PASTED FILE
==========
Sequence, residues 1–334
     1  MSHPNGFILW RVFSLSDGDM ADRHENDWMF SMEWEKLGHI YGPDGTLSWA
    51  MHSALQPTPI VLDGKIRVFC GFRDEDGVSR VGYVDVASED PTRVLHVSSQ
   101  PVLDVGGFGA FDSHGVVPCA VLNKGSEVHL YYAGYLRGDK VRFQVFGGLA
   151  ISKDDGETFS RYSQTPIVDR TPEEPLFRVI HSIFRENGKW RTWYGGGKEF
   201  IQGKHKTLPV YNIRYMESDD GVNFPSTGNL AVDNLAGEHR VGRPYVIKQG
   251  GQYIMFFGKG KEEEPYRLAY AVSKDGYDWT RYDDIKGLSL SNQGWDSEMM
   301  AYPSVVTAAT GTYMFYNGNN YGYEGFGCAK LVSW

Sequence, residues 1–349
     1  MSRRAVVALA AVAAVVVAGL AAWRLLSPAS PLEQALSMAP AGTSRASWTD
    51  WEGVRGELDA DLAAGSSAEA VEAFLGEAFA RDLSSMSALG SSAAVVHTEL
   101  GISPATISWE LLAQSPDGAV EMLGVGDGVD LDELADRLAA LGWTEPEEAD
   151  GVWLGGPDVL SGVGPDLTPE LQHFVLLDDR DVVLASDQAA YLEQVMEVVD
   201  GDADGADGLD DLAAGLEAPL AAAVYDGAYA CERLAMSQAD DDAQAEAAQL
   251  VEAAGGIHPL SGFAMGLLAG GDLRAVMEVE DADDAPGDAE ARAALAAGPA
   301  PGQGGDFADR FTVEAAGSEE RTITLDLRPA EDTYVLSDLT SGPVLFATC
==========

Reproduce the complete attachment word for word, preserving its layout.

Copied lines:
Sequence, residues 1–334
     1  MSHPNGFILW RVFSLSDGDM ADRHENDWMF SMEWEKLGHI YGPDGTLSWA
    51  MHSALQPTPI VLDGKIRVFC GFRDEDGVSR VGYVDVASED PTRVLHVSSQ
   101  PVLDVGGFGA FDSHGVVPCA VLNKGSEVHL YYAGYLRGDK VRFQVFGGLA
   151  ISKDDGETFS RYSQTPIVDR TPEEPLFRVI HSIFRENGKW RTWYGGGKEF
   201  IQGKHKTLPV YNIRYMESDD GVNFPSTGNL AVDNLAGEHR VGRPYVIKQG
   251  GQYIMFFGKG KEEEPYRLAY AVSKDGYDWT RYDDIKGLSL SNQGWDSEMM
   301  AYPSVVTAAT GTYMFYNGNN YGYEGFGCAK LVSW

Sequence, residues 1–349
     1  MSRRAVVALA AVAAVVVAGL AAWRLLSPAS PLEQALSMAP AGTSRASWTD
    51  WEGVRGELDA DLAAGSSAEA VEAFLGEAFA RDLSSMSALG SSAAVVHTEL
   101  GISPATISWE LLAQSPDGAV EMLGVGDGVD LDELADRLAA LGWTEPEEAD
   151  GVWLGGPDVL SGVGPDLTPE LQHFVLLDDR DVVLASDQAA YLEQVMEVVD
   201  GDADGADGLD DLAAGLEAPL AAAVYDGAYA CERLAMSQAD DDAQAEAAQL
   251  VEAAGGIHPL SGFAMGLLAG GDLRAVMEVE DADDAPGDAE ARAALAAGPA
   301  PGQGGDFADR FTVEAAGSEE RTITLDLRPA EDTYVLSDLT SGPVLFATC